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A penguin for Christmas?

If BrewDog have sold out, at the time of writing this, you can still get it at a very decent price from beermerchants. No Utopias style inflation driving prices here. Tell them I sent you.

Update: It seems like they are sold out as well.

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I’m lagging behind a bit on the cronicles of my days in London, so I won’t go into details about my return to the Pig’s Ear festival and the liquids consumed there. English licencing laws (and probably also the practicalities of organising festivals with volunteers) made sure we all had a fairly early evening, which meant I was quite early for my appointment in the Market Porter with John and Ally.

Tom at the Rake

For elevenses I was munching a wild boar pie from one of the mouth-watering stalls in the Borough Market, looking at the beers on display at Utobeer while contemplating if I could squeeze another bottle into my suitcase. John came by, still having some space in his backpack, and bought some nice stuff to take home. I had already had my pick from both the Fuller’s brewery shop and the bottled beer stand at the Pig’s Ear.

The Market Porter is only a few steps away and we almost had the place to ourselves. This place gets packed every evening, and on market days you’ll be lucky to find some space at lunchtime as well.

As far as I can decipher my notes, I had an Acorn Lubeski IPA, a single hop beer with lots of lemon and lime.

A few minutes, Ally appeared and joined us at our table. there were other beer writers coming in as well, including Mark Dredge, still on a cloud from winning the New Media award at the British Guild of Beer Writers the evening before, and Mark Fletcher.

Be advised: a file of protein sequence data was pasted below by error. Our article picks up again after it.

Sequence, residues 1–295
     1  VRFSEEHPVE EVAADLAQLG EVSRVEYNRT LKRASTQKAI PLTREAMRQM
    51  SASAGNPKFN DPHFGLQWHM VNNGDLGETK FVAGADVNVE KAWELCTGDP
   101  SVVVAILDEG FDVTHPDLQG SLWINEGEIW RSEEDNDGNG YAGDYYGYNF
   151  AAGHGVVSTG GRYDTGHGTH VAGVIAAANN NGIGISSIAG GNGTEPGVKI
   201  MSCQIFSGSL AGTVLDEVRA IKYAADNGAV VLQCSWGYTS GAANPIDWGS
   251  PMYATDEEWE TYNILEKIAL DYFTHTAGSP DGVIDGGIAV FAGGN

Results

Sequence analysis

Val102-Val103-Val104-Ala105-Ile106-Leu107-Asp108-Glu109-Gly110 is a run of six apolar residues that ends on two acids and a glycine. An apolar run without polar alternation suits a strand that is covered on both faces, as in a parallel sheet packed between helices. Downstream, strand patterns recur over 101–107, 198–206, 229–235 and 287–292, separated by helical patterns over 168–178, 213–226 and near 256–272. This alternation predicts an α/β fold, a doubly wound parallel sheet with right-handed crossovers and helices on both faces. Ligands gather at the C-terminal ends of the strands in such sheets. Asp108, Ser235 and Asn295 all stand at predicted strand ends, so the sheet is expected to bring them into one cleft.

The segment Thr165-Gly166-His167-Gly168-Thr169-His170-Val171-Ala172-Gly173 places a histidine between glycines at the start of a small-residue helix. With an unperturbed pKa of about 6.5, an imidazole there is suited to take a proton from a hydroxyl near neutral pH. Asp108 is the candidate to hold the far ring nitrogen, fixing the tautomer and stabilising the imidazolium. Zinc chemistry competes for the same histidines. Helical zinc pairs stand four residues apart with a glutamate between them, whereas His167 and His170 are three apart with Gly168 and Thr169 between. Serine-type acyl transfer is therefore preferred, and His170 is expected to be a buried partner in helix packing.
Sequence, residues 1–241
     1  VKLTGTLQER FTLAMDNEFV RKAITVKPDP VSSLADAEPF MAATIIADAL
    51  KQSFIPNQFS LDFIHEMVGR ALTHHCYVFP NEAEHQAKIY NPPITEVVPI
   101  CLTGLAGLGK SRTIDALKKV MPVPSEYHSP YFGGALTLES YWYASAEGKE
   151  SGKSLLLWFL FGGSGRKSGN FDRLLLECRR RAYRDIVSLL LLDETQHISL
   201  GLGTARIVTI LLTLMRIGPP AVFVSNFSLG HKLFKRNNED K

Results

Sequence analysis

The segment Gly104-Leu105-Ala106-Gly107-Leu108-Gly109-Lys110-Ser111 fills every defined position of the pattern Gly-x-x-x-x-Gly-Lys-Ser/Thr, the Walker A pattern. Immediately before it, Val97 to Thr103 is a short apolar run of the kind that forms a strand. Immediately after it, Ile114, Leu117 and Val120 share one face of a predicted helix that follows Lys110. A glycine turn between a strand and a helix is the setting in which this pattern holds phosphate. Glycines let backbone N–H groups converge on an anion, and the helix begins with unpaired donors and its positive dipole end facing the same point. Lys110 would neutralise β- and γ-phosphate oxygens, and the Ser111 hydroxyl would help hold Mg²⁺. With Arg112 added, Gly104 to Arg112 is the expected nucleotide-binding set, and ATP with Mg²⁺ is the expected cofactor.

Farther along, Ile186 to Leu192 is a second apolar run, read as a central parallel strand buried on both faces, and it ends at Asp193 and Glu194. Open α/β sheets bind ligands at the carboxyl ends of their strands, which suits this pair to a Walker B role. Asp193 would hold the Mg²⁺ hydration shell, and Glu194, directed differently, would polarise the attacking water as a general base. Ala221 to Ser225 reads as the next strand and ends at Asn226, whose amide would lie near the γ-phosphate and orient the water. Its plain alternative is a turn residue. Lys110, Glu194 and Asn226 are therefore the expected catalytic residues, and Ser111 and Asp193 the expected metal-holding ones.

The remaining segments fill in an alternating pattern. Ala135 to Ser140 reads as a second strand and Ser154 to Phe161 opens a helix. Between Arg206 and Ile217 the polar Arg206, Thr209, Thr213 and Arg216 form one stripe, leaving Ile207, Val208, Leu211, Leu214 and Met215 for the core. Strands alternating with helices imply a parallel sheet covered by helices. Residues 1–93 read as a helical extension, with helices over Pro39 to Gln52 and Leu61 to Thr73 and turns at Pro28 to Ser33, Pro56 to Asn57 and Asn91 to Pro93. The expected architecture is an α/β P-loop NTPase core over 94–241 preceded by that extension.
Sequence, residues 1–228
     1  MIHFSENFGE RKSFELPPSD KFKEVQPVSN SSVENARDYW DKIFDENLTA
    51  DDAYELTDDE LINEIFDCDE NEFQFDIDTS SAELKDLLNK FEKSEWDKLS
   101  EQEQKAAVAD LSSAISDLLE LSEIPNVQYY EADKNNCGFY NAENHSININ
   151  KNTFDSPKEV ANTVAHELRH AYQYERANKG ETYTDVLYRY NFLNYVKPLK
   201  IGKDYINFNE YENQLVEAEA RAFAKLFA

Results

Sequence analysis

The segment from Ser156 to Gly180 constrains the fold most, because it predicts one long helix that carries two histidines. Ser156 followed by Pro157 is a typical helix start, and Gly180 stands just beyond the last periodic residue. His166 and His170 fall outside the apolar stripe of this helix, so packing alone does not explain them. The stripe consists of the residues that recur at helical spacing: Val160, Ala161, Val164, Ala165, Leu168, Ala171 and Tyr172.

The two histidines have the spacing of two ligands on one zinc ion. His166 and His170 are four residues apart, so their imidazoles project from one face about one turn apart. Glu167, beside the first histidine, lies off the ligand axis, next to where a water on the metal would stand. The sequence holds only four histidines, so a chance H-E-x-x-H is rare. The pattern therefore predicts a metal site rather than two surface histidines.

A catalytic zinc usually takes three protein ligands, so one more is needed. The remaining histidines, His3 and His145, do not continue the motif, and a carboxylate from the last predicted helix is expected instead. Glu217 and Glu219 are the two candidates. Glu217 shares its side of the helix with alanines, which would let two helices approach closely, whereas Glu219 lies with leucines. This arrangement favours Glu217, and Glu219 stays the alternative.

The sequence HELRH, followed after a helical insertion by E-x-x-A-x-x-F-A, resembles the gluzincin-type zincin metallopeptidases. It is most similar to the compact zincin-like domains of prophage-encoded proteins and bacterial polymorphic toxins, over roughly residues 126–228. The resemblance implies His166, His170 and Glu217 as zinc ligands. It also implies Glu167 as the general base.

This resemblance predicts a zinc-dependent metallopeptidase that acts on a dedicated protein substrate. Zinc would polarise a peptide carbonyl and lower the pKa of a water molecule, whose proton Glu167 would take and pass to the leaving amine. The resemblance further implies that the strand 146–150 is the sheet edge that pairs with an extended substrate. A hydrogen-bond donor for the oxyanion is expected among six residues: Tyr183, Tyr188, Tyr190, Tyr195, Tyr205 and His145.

We had some pubs to cover during the day, so we walked on to the Rake, where there were even more beer celebrities, including Melissa Cole. I had a Bear Republic Race 5 IPA, an American beer they available on keg. A seriously grapefruity beer with a crisp finish. My friend Tom, who is the assistant manager of the Rake, had a special treat for me, the BrewDog Nanny State. This barely fermented hop juice drink is way beyond what you expect of a beer, but far out there is an uneasy balance between the mostly unfermented malt and the herbal hops.

Luckily our next stop was a bit further away, giving my palate some time to rest before the next assault.

A short walk to London Bridge station and twenty minutes on the train, then another ten minutes or so by foot. Destination: Greenwich Union. This is the brewery tap of the Meantime brewery,whose reputation is spread far away from the meridian. Time for lunch – I had a very nice rabbit dish. Their London Pale Ale on cask did not get anyone very excited. A large bottle of London Porter to share was much more like it.

By now we were joined by Mark and Mark, who downed their drinks quite a bit faster than us. The next leg of our journey took us via London Bridge to Old Street station, through busy streets and housing estates to a London beer destination I’ve known about for ages but never gotten around to visiting on my own.

This is an old fashioned pub. When I started coming to London there were many of those spread around. Threadbare carpets, cobwebbed bric-a-brac on high shelves, locals who seem to have spent all their waking hours in there for decades. But there is a dwindling number of these pubs. The Magpie and Crown in West London was probably the last one I saw.

But this one is still thriving. In addition to the locals, who made the place quite crowded at about four in the afternoon, this is a beer destination because of its ever rotating range of beers, no ties to any particular brewery here. My notes are getting blurry at this point, but among the beers consumed were Shake, ramble and roll, Looney Tunes and Spearfish.

Westwards again, now by cab, to the Gunmakers, which was by now quite packed with the after work crowd, Jeff being very busy at the bar. One more beer blogger to meet, Woolpack Dave. Beers included Sharp’s Nudelik and Harvieston Haggis. Ron Pattison was propping up the bar, pint in one hand, single malt in the other.

At this time the Fellowship disintegrated, without anyone getting caught by orcs. John had a plane to catch, Ally had left us at the Wenlock for another appointment. There were proposals to go to the Pig’s Ear. I decided to call it a night. I had a morning flight the next day, and there was still the logistics of getting all the beers into the suitcase..

So, to everyone involved, a big thank you. It was so nice to be able to meet up add chat over a few beers – which is what this hobby is really all about. Hope to see you all next eyar!

I am nicking Mark Fletcher’s photo from his post here, as it’s got all of us in it.

Beer Bloogers United